|Engine: 220 hp. Wright "Whirlwind" J5||Price New: $8,970|
|Empty Weight: 1,625 lbs.||Cruise Speed: 108 mph|
|Max Gross Weight: 2,650 lbs.||Ceiling: 18,000|
|Upper wing span: 35'||Lower wing span: 28'|
Well designed with unmistakable thoroughbred lines, the Stearman C3B is considered one of the all-time greats in early aviation and was the basis for every subsequent “Stearman” airplane built. The C3B was rugged and dependable, well suited for the early mail routes and airline feeder service on which it was used.
Introduced in 1927 at designer Lloyd Stearman’s factory in Venice, Calif., early models were equipped with Curtiss OX-5 and Hisso engines of lesser horsepower. Production was moved to Wichita, Kan. In late 1927 and certification came in mid-1928, after which the C3B was powered by a 9-cylinder Wright “Whirlwind” J5 engine producing 220 h.p. It quickly earned a reputation for performance and utility and many were used for advanced pilot training and aerobatics training. After larger aircraft took over mail and airline routes, C3B’s served in the emerging crop dusting industry and continued in this demanding practice well into the 1960s. To satisfy popular demand at the time, Stearman produced a sport model of the C3B, painted in “Stearman Red” for the “play-boy” pilot and barnstormers who wanted a high-performance airplane for personal use. This aircraft represents the sport model.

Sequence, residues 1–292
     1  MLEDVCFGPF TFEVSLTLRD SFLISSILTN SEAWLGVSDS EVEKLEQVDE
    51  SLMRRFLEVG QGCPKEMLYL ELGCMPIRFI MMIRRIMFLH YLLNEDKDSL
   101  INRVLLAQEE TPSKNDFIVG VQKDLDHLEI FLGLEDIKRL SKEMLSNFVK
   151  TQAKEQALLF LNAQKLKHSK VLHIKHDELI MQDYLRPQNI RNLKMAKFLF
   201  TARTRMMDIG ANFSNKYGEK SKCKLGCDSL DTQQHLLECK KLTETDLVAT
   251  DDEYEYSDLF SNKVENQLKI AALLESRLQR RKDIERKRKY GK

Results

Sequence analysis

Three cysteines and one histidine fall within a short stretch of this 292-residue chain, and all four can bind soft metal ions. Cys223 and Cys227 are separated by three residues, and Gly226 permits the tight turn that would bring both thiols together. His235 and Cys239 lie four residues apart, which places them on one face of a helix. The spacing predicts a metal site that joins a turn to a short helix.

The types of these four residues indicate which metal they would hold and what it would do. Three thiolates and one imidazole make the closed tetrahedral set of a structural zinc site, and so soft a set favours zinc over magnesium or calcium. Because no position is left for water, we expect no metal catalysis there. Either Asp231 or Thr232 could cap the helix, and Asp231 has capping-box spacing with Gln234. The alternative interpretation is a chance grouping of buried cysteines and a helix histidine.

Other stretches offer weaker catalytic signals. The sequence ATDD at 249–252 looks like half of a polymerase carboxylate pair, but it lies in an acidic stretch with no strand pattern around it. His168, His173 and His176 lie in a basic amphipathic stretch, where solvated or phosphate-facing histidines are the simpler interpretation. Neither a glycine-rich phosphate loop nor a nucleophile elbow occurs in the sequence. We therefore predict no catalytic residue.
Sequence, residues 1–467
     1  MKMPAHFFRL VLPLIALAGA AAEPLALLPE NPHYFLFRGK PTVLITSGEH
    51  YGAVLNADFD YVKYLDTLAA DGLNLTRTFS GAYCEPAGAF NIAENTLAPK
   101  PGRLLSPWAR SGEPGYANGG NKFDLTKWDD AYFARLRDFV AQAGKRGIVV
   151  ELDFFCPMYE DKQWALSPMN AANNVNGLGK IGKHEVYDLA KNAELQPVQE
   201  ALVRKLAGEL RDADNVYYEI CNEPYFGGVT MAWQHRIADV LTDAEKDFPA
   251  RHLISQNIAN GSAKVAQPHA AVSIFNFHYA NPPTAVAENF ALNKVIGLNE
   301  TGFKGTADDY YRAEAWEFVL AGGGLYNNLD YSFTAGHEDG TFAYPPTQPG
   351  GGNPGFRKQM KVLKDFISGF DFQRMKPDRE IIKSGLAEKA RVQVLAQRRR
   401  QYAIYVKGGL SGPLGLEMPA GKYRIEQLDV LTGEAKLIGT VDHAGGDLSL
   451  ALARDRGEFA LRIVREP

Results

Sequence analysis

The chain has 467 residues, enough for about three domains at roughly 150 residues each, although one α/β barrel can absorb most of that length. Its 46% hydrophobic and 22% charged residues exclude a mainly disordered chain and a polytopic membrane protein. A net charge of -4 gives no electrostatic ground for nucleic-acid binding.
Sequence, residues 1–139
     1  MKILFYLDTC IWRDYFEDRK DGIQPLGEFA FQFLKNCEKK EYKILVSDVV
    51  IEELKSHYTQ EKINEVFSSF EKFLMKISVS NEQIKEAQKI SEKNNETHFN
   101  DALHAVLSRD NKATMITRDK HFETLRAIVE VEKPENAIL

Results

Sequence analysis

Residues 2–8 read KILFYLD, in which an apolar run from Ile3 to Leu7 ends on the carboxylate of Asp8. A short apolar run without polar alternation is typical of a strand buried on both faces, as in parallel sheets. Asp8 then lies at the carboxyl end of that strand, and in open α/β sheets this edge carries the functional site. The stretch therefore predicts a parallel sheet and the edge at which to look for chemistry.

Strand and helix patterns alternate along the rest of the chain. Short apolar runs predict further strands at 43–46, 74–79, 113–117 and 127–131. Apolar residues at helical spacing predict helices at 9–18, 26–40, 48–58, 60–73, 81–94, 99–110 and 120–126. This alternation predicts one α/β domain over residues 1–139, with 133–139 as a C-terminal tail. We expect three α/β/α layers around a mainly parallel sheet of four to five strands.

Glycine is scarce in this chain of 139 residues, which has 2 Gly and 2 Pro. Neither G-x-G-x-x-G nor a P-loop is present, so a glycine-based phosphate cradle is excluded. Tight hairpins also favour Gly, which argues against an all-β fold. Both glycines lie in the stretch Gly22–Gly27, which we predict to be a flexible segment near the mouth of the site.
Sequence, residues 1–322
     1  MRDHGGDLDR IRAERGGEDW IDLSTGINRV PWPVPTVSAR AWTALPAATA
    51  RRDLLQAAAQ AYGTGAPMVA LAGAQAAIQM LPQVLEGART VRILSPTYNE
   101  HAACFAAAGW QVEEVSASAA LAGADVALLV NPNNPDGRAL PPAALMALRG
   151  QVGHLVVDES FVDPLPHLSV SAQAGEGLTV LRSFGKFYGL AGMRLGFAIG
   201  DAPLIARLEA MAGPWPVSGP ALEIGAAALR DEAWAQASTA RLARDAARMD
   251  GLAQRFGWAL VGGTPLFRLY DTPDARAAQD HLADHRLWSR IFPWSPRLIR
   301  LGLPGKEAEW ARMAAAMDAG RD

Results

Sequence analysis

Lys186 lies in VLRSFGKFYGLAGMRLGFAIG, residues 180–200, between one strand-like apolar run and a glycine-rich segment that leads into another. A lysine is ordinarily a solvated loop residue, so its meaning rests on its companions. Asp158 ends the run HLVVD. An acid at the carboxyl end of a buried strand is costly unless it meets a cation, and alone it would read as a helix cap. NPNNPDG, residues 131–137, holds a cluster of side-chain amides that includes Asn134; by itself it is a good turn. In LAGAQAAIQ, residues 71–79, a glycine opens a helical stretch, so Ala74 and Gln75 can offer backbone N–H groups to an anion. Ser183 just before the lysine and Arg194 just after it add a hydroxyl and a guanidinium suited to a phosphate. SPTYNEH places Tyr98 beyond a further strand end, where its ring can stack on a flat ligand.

N8811, s/n 221, was sold new April 8, 1929 in Los Angeles. It was used as a crop duster from about 1935 to 1954. Al Kelch acquired it in 1979 as a “basket case” along with the remains of two other C3B’s that were in poor condition. Fully restored by Kent McMakin at Brodhead Airport, it was returned to service in 1997 in the original sport configuration. The aircraft does not have a starter and must be hand-propped.